While you would struggle to find anyone with access to a radio who hasn’t heard songs he’s written and produced – dozens of smashes for artists including J Lo, Usher, Mariah Carey, Akon, Enrique Iglesias, Pitbull, One Direction, Nicki Minaj, Priyanka Chopra and, of course, Lady Gaga, to name but a few – only a small percentage could name RedOne as the producer. And an even tinier number would recognise him if they met him.
Not that this makes our encounter any less surreal. Knowing all the above, I’m expecting a man who knows his worth, artistically and financially. Not the quietly confident guy sitting opposite me. The guy who is happy to wait around when the host can’t find us a free table in an empty venue. Who dismisses suggestions from his entourage that we make his identity public to speed things up. So here he is, calm and collected, sipping a full-price Diet Coke, on a lounge terrace, talking to me. Why?
Normally, artist interviews such as this are tightly controlled affairs, managed by record labels or management busybodies, set up primarily to promote a new release or live performance.
Typically, a merry dance commences – the artist wants to talk about a new project, while the journalist wants to talk about anything but.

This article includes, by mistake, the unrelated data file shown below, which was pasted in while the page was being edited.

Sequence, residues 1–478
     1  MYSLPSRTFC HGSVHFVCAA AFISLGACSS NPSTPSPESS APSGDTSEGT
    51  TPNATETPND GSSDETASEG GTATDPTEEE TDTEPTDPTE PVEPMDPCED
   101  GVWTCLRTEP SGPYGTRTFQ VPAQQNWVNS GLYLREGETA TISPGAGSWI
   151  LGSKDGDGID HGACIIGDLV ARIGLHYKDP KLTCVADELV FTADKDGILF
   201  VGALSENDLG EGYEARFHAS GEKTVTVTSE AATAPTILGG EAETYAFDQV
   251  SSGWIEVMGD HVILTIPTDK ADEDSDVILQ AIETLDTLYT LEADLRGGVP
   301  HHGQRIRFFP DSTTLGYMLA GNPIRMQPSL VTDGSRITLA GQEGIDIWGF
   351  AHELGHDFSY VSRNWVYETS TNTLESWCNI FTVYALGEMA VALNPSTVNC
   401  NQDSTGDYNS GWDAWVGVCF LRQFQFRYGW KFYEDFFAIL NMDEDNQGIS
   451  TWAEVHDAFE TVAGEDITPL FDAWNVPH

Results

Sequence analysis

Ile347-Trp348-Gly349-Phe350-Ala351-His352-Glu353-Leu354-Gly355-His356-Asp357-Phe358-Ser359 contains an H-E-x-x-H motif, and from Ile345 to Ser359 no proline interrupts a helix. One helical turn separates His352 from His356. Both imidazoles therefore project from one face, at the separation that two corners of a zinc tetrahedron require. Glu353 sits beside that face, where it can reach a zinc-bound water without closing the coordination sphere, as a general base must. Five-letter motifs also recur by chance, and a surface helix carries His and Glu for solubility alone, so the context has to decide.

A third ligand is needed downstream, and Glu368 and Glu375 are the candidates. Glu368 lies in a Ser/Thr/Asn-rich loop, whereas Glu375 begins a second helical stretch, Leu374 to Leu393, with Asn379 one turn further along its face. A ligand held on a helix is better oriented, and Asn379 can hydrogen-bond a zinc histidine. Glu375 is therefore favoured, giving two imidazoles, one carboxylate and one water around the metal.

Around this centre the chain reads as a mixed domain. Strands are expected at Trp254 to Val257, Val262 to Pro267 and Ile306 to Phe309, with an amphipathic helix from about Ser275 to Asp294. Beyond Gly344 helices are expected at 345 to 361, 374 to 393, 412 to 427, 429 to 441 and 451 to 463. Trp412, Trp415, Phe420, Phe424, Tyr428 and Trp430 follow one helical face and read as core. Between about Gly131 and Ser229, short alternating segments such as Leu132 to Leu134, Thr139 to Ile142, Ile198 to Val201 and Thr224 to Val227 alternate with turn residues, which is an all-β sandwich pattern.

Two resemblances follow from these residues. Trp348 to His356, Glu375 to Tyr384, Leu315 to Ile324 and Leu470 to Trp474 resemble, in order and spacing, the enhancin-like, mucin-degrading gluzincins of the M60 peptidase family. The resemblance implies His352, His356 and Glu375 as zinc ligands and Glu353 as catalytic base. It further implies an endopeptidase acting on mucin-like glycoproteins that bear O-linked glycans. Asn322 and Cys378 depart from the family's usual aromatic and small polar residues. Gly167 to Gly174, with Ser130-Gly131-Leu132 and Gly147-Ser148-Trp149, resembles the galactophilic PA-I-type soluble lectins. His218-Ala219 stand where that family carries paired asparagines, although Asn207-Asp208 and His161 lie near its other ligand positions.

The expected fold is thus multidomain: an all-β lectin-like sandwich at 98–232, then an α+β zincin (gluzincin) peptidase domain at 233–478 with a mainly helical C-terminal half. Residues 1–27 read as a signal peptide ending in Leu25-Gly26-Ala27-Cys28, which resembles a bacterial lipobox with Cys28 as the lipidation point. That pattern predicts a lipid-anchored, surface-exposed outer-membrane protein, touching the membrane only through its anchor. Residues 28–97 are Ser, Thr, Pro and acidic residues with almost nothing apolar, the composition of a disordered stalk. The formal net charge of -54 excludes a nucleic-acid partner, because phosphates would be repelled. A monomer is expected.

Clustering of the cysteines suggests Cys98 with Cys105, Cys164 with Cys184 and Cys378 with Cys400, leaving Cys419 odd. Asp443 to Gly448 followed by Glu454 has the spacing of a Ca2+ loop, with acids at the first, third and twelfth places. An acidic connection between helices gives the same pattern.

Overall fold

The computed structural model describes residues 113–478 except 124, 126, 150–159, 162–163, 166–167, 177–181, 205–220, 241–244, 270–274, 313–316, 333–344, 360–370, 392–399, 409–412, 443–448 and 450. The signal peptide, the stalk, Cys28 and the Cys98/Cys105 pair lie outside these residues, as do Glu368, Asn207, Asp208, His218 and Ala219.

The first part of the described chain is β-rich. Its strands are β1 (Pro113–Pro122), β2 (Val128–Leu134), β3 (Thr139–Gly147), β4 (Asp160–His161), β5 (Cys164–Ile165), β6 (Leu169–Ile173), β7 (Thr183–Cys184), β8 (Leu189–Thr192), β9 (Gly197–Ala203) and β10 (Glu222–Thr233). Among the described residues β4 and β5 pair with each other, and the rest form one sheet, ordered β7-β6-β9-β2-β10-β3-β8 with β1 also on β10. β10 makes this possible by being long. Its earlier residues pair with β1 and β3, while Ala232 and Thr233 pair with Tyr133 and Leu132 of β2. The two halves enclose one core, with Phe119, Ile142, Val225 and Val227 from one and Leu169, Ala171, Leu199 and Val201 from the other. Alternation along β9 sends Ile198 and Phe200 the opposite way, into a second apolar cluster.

This casual encounter, arranged through a mutual friend, is different. Mysteriously free of any agenda, with no goalposts to confine my questions, there’s only one place to start.
Lady Gaga. In 1991, a 19-year-old RedOne – originally from Morocco and then still known by his real name, Nadir Khayat – moved to Sweden where he worked first as a musician and then as a producer for popular Swedish acts.
In 2007 he moved to the United States and a short time later he met Lady Gaga – then still known as Stefani Germanotta. The pair wrote several songs together that would end up on her debut album, The Fame, a year later, including the game-changing singles Just Dance and Poker Face.
They were followed in 2009 by Bad Romance and Alejandro, from The Fame Monster, and RedOne co-wrote three tunes on 2011's Born This Way, including Judas. However the relationship appeared to cool and RedOne worked on just one tune on 2013's poorly received Artpop.